This site features a comprehensive look at the work of Ahasiw Maskegon-Iskwew. Ahasiw was a theorist, curator, writer, new media practitioner and performance artist. He worked in artist run centres in Vancouver, Regina and Winnipeg curating and producing new practices in performance and new media. Ahasiw passed away in 2006. Ghostkeeper features writing, images, websites and performance documentation of Maskegon-Iskwew’s work as well as essays by other curators and producers on his work.
Among the first aboriginal artists in Canada working in New Media and Net Art Maskegon-Iskwew’s work as a curator, producer and writer laid important groundwork for Aboriginal artists in these fields and is an important voice in the development of these medias within the aboriginal communities. This site brings together many of his essential writings, websites and performances allowing them to continue to have an influence in the development of these practices in Canada and beyond.
On behalf of the curators I would like to thank Alain Malo, Ahasiw’s partner for his support and cooperation in creating this site.
We acknowledge the financial support of the Government of Canada
through the Department of Heritage Canada Interactive Fund
Âhasiw Maskêgon-Iskwêw was Cree/French Métis born in McLennan, Alberta in 1958. He graduated in performance art and installation from Emily Carr College of Art and Design, Vancouver, British Columbia in 1985. He was Director, Exhibition and Performance Coordinator, and Board Member for the Pitt Gallery in Vancouver (1988-1990) and worked as Adult Education Instructor for the Native Education Centre in Vancouver teaching Contemporary Native Cultural Studies, College Preparation English, and Native Studies (1990-1991).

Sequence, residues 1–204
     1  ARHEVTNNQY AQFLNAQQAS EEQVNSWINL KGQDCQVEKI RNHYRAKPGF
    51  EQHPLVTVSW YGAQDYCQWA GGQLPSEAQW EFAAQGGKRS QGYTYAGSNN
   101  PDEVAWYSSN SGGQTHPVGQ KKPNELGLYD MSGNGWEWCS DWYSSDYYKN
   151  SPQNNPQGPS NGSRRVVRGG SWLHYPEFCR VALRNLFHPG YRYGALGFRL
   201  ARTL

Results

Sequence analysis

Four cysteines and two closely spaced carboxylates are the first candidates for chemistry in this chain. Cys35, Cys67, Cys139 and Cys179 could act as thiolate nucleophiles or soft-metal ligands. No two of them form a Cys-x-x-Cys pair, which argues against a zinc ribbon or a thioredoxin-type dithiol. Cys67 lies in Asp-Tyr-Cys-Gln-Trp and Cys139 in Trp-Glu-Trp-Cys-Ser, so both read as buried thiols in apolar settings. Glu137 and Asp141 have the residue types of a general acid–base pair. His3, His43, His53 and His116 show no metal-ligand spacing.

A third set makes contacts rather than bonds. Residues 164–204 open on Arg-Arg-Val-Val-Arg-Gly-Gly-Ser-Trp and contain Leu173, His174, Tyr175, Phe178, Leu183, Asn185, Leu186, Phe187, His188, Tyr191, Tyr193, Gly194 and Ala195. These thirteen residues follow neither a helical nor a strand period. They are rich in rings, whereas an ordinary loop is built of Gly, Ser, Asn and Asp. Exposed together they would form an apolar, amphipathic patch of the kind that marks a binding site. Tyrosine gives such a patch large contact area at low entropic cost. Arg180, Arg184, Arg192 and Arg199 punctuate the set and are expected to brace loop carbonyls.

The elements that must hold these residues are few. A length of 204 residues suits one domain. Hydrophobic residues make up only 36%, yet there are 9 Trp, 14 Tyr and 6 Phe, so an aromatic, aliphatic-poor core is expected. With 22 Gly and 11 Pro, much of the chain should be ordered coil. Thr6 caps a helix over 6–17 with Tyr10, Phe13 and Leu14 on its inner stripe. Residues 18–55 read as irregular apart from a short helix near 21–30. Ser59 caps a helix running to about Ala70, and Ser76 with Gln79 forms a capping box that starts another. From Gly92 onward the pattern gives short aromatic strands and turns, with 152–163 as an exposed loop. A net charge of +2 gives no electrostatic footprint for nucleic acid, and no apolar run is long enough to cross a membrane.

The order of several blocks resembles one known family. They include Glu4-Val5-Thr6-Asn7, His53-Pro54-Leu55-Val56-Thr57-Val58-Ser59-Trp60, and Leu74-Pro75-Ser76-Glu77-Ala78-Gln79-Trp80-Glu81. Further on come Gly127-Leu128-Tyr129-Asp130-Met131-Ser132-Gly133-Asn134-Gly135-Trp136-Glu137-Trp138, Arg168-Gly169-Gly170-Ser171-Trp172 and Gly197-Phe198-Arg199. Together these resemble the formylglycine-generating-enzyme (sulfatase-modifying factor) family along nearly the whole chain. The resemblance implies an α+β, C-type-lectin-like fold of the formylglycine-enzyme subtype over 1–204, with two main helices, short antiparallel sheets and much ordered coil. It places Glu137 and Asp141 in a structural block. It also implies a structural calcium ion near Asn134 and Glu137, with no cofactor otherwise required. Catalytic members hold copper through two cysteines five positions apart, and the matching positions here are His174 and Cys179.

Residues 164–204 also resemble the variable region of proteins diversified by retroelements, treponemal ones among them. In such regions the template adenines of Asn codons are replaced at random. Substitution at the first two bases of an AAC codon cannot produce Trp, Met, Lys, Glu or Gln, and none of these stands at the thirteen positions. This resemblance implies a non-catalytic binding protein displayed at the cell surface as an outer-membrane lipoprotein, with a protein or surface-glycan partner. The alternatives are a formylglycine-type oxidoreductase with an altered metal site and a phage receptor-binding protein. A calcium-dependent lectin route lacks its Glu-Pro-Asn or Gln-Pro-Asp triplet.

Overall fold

Maskêgon-Iskwêw was accepted in the two-year Equity Internship Program at the Canada Council for the Arts in Ottawa, where he received training in the Media Arts and Visual Arts Sections, and the Art Bank (1992–1994). Two residencies in the internship also included work with the Saskatchewan Indian Federated College and Circle Vision Arts Corporation in Regina, and the Aboriginal Film and Video Art Alliance at the Banff Centre for the Arts.
He then became Program Coordinator, Acting Executive Director, and Assistant Editor of the Talking Stick First Nations Arts Magazine for Circle Vision Arts Corporation (1994-1995) and went on to develop the position of Production Manager for SOIL Digital Media Production Suite at Neutral Ground Artist-Run Centre (1996-1998). Maskêgon-Iskwêw also worked as the Web Editor for the Aboriginal Peoples Television Network (2000–2004).
Maskêgon-Iskwêw participated on many panels and symposia addressing issues of Aboriginal equity, participation and representation in cultural industries and new media. He was also a member of numerous arts juries and arts advisory committees including the Canada Council for the Arts juries for Media Arts Festivals and Presentation Projects. From 1999 to 2003 he was a member of the Canada Council Inter-Arts Office Advisory Committee and in 2001 he was a member of the Canada Council Media Arts Internet Dissemination Working Group. In 2002 he attended the Banff New Media Institute’s Interactive Screen project development lab for the second time. That year he was also awarded the CanWest Global Fellowship by the Banff New Media Institute. In March 2003 he was a facilitator and researched best practices for on-line Aboriginal community development at the Second Annual Connecting Aboriginal Canadians Forum in Ottawa presented by the Aboriginal Canada Portal Working Group, and was invited as a presenter to the Third Annual Forum in March 2004.
His critical writing has been published in Mix - the magazine of artist-run culture, and Fuse Magazine. His articles appeared in the anthologies The Multiple and Mutable Subject: Postmodern Subjectivity and the Internet (1999), and Caught in the Act: An Anthology of Performance Art by Canadian Women (2004). His first fictional work, Cannibals, was presented by the Art Gallery of Calgary as part of the Storybook Story project in 2002. He was editor of the online Aboriginal arts magazine ConunDrum that premiered in July 2005 and produced by Urban Shaman Aboriginal Artist-Run Centre in Winnipeg as well as rapporteur for the online performance art discussion After the Facts produced by Fado Performance Art in Toronto.